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Loe & Sex with Robots


Dr. Kate Devlin

Dr. Kate Devlin

Computer Scientist, Digital Humanities King's College London, Author of Turned On

Kate Devlin is Reader in Artificial Intelligence & Society in the Department of Digital Humanities, King's College London. Her research in Human-Computer Interaction and Artificial Intelligence investigates how people interact with and react to technologies, both past and future. She has written extensively on the topic of intimacy and technology and is the author of Turned On: Science, Sex and Robots (Bloomsbury, 2018), which examines the ethical and social implications of sexual companion robot. She is Advocacy and Engagement director for the UKRI Trusted Autonomous Systems Hub, a £11.9mn project to facilitate the development of socially beneficial autonomous systems that are both trustworthy in principle and trusted in practice. She tweets at @drkatedevlin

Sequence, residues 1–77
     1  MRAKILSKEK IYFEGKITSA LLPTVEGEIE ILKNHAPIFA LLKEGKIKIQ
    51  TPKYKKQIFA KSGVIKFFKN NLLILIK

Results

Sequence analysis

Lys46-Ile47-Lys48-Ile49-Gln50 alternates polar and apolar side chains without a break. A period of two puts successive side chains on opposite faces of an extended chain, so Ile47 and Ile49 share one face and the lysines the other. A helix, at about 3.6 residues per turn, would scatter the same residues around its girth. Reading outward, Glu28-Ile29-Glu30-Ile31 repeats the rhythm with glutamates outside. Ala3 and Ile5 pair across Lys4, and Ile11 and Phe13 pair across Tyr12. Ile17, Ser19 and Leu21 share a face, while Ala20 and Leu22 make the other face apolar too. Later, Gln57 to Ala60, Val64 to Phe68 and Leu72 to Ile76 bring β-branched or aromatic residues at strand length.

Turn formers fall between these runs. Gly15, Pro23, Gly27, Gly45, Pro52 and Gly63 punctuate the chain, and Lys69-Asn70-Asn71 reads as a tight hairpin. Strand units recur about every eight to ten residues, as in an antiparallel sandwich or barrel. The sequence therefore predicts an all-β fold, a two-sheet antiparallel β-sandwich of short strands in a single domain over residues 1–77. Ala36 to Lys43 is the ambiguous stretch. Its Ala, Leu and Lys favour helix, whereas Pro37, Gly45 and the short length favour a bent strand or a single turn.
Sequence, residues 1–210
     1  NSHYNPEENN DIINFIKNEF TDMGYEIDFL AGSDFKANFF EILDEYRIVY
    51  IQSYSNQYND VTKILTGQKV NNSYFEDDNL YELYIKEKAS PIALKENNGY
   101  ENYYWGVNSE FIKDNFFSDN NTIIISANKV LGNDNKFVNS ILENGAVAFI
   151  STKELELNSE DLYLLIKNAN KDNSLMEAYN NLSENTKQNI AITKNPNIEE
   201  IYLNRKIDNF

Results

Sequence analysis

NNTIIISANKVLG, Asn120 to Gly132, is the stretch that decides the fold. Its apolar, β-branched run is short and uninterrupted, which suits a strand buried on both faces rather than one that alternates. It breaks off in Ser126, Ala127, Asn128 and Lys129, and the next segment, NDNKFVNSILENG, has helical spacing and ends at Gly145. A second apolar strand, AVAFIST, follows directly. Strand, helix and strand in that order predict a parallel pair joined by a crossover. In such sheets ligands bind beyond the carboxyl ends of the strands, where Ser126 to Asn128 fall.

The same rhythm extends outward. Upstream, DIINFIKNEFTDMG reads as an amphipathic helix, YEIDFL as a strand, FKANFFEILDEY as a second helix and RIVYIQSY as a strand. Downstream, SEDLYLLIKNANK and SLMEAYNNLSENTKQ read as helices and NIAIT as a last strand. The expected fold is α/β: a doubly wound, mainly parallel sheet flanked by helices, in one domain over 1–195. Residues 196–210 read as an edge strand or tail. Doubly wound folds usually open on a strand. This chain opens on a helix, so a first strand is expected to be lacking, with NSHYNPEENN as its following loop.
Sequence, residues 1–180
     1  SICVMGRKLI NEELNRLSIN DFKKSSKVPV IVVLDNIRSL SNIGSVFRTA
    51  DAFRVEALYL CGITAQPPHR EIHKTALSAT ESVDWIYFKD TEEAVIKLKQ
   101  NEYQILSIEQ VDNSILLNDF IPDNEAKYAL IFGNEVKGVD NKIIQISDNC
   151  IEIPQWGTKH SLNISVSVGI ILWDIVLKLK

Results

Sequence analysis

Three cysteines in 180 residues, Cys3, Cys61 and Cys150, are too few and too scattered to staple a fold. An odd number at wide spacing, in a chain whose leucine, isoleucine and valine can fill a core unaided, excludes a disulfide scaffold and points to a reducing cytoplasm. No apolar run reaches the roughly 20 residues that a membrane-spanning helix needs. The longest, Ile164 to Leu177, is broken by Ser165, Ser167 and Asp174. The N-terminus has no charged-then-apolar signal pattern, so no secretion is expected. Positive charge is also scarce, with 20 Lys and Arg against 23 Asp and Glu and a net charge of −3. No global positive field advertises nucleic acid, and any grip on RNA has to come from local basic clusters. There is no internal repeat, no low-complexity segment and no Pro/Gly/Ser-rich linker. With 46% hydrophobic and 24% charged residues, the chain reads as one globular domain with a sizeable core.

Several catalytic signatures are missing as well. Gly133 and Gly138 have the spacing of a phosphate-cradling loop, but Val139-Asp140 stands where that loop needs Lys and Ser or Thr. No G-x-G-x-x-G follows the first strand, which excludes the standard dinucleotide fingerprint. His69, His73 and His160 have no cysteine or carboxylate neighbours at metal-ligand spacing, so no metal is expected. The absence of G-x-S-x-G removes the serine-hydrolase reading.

Dr. Justin J. Lehmiller

Social Psychologist, Author, and Research Fellow at the Kinsey Institute

Dr. Justin Lehmiller is a social psychologist and Research Fellow at The Kinsey Institute. He runs the Sex and Psychology blog and podcast and is author of the popular book Tell Me What You Want: The Science of Sexual Desire and How It Can Help You Improve Your Sex Life. Dr. Lehmiller is an award-winning educator, having been honored three times with the Certificate of Teaching Excellence from Harvard University, where he taught for several years. He is also a prolific researcher who has published more than 50 academic works, including a textbook titled The Psychology of Human Sexuality that is used in college classrooms around the world. Dr. Lehmiller is a much sought-after voice in the media on sexuality research and education. He has been interviewed by The Wall Street Journal, The New York Times, and CNN, and he has appeared on dozens of international radio, podcast, and television programs.